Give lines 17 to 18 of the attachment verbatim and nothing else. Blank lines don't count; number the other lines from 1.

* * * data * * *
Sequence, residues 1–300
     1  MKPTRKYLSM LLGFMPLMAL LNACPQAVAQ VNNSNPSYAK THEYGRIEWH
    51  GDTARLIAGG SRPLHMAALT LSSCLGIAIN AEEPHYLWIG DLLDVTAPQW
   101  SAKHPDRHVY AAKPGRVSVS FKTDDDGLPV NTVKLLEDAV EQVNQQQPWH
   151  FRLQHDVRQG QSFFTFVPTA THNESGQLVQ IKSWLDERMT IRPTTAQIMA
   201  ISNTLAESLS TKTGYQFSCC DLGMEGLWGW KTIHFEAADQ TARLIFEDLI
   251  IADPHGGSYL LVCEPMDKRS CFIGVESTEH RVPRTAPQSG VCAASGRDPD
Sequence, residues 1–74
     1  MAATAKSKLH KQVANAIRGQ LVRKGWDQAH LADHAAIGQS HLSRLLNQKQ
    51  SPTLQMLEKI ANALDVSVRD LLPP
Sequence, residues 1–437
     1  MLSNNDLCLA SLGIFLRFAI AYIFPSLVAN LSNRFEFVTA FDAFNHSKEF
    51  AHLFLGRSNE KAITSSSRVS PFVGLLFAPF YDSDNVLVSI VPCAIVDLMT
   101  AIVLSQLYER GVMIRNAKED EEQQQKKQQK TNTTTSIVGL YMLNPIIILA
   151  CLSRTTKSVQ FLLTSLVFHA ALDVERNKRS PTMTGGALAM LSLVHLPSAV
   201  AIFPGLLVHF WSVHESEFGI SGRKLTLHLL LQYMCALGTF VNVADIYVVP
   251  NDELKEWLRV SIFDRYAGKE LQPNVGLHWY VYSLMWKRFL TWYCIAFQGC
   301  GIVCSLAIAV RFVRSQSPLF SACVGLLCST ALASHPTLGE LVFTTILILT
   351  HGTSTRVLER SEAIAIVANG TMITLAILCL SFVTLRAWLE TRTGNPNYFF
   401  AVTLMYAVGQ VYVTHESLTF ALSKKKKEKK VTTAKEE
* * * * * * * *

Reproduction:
   251  NDELKEWLRV SIFDRYAGKE LQPNVGLHWY VYSLMWKRFL TWYCIAFQGC
   301  GIVCSLAIAV RFVRSQSPLF SACVGLLCST ALASHPTLGE LVFTTILILT